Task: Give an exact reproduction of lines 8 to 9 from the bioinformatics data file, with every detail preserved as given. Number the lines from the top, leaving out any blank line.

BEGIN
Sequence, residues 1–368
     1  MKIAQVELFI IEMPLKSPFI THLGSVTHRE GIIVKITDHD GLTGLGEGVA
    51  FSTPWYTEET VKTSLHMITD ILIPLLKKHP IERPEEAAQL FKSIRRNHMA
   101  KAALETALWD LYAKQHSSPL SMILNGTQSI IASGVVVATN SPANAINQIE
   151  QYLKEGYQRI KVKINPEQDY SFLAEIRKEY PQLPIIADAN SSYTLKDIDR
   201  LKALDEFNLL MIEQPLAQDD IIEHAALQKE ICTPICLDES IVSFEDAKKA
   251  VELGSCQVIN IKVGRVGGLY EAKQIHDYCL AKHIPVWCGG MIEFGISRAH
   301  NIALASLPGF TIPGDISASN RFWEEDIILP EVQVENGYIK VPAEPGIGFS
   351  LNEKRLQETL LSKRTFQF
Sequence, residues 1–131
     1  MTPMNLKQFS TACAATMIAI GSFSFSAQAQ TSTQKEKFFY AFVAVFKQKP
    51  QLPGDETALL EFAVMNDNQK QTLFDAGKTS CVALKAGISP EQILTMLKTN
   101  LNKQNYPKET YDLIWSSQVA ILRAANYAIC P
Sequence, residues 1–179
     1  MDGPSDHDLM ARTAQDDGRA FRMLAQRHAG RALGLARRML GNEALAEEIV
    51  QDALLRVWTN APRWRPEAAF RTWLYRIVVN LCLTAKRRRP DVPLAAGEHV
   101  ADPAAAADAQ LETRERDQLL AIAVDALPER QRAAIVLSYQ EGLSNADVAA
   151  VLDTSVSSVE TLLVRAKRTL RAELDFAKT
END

   301  NIALASLPGF TIPGDISASN RFWEEDIILP EVQVENGYIK VPAEPGIGFS
   351  LNEKRLQETL LSKRTFQF